In 1865, the Averell Coal Company began operations at the mouth of the Pocatalico River in Putnam County. In 1866, several other mines began making shipments from the Kanawha Coal Field, including the Peytona Cannel Coal Company on Coal River, in Boone County, and mines on Paint Creek, at Coalburg and Cannelton along the Kanawha. The Wayne County Coal Company was also organized; and, by 1869, a new company began to mine on an extensive scale in Mason County. A year later two coal banks were opened in Monongalia County. In 1873, John Nuttal began operations on Sewell Mountain along New River. There was a steadily increasing business in many localities. In 1883, the first coal was shipped from the Flat Top Coal Field. By 1889, coal mining operations were extensive in Mineral, Monongalia, Marion, Fayette, Harrison, Ohio, Putnam, and Mason counties.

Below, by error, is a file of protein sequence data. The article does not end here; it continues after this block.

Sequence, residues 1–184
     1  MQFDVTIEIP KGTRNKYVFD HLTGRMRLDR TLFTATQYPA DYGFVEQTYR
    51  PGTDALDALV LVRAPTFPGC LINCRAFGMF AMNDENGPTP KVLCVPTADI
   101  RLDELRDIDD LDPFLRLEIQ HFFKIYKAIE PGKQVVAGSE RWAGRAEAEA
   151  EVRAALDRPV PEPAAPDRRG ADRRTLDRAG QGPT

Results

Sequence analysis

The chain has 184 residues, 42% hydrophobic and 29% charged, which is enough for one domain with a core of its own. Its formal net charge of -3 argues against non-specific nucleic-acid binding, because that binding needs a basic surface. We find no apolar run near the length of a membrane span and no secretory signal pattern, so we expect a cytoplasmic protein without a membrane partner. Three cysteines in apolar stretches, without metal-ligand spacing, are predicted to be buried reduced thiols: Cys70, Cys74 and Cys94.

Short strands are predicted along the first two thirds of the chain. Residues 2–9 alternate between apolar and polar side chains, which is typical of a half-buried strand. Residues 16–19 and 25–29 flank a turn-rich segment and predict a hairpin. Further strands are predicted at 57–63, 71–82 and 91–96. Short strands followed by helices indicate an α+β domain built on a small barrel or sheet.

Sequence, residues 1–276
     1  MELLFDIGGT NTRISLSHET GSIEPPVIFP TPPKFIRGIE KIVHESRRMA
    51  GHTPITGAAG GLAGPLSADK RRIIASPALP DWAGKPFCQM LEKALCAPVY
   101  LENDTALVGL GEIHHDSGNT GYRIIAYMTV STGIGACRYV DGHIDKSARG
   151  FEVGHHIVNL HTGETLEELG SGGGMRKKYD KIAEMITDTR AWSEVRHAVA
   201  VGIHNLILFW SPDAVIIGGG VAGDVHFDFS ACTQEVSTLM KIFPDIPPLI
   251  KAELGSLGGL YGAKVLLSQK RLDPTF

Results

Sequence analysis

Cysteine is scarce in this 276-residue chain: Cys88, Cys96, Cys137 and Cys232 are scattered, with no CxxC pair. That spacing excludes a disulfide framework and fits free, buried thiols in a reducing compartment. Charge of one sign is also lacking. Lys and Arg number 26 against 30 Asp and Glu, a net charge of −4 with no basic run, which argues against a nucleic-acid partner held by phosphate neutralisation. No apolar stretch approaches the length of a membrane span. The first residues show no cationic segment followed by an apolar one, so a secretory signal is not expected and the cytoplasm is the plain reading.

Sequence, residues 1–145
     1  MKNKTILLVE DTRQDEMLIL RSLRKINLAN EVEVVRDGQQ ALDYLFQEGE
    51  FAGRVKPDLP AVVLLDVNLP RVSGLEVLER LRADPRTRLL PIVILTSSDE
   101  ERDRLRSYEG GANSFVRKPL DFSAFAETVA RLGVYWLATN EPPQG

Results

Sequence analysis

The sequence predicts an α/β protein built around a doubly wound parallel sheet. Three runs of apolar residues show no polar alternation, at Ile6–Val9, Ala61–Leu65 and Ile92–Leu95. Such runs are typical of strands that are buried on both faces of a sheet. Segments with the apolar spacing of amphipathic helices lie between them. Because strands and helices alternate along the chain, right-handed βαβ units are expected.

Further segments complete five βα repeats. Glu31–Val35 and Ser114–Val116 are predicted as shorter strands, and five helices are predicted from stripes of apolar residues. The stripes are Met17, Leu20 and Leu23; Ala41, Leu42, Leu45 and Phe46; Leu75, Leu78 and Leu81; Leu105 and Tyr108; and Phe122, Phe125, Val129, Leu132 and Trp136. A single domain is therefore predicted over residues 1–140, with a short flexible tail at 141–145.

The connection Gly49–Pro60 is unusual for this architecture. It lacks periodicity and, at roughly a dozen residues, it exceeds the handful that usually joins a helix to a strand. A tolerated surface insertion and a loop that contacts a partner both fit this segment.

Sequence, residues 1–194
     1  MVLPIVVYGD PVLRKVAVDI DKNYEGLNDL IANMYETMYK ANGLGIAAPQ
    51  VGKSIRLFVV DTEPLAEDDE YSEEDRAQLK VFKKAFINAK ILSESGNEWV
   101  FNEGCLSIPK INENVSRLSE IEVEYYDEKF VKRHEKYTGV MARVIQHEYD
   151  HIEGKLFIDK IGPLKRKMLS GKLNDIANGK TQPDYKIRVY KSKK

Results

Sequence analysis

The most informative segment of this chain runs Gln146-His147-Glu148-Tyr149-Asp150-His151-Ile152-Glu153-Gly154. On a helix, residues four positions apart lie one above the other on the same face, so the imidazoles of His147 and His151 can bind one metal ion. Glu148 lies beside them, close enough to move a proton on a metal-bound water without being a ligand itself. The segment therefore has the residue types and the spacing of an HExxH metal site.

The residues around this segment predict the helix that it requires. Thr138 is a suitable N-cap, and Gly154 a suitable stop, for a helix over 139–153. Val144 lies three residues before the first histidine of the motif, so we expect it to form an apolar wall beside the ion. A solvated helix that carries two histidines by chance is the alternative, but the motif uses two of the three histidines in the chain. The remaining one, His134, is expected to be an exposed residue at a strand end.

Mechanization

The production of coal from West Virginia's mining operations steadily increased, starting in the 1880s through the first half of the Twentieth Century, largely because of the introduction and use of mining machinery. The acceptance of mechanization slowly developed, but its progress increased as the methods of use and the machinery were better perfected.

The first successful cutting and loading machines used in West Virginia were developed at the US Steel company's mines at Gary, WV in the early-1890's. One of the first companies in West Virginia to use electrically operated coal cutters was the Monongah Coal & Coke Company, near Fairmont when the mine opened in 1890. The use of mechanical loaders begins in the state during the 1910s. The first loader on caterpillar tractors, invented by Joseph Joy, was used the Gay Coal & Coke Company, in Logan County, in 1920. About 1923, the second mine in the United States to be fully mechanized for loading coal was the Pocahontas Fuel Company operation at Switchback, WV.